Microsoft New DRM Covers Mobile Devices Too
By Eric Lin, Tue May 04 00:15:00 GMT 2004
Microsoft has released a new version of their Windows Media DRM that will enable the playback of protected media on mobile devices, or more accurately it enables the playback of "rented" material.
Microsoft's Digital Rights Management software already allows PC users to playback downloaded material for a limited amount of time. However files protected by this type of DRM cannot be transferred to or played on mobile devices. Janus, the new DRM scheme, allows mobile devices to play back rented or time expired material.
Janus could open up mobile devices to services like Rhapsody and Napster which let subscribers play an unlimited number of downloads or streamed tracks as long as they have a valid monthly subscription. Currently these services only work on the desktop, which is not helping mobile devices that play WMA files compete with the iPod. However the business model is also different.
iTunes user buy tracks; they are still limited as to what they can do with the tracks, however they can play them on multiple computers and iPods in perpetuity. This is friendly for compatible mobile devices, but currently that is limited to iPods. Apple has not licensed Fairplay (their DRM scheme) to any other mobile device manufacturer. Microsoft is hoping Windows Media licensees will adopt Janus so that any device with Windows Media Player could potentially be an "iPod killer."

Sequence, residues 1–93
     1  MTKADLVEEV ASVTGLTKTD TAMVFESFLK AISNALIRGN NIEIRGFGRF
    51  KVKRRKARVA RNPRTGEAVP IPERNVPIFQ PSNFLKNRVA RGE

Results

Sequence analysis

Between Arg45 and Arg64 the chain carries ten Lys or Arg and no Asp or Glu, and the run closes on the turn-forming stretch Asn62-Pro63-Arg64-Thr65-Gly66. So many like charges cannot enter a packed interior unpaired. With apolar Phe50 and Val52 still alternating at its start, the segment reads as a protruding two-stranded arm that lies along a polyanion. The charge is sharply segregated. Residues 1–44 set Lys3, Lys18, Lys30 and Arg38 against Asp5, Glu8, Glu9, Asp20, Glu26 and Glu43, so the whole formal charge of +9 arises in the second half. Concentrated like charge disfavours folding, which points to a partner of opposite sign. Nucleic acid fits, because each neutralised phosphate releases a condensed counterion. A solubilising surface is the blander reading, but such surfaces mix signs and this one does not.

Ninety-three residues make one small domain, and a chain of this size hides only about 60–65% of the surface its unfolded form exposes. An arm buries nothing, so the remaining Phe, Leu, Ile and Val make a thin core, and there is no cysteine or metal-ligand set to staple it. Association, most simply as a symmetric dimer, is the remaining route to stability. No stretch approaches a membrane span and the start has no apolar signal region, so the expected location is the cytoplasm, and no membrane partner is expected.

The biggest hurdle for users of Janus will be that they will not truly own the tracks. They will be renting them from the download service. Microsoft's licensees are not alone introducing new rental subscriptions. Sony is introducing rentals in their latest line of devices. Their Librie digital book reader only works with files that expire after 60 days. Sony is also introducing music downloads that also have a limited lifespan. Neither Sony nor Microsoft are taking any steps to ease user concerns about diminishing rights of ownership yet.
Just as many societies are taking extreme measures against cameras built into mobile devices, it seems many media companies are pushing for extreme measures against mobile media devices. Mobile devices are seen as disruptive technologies by established industries as well as governments.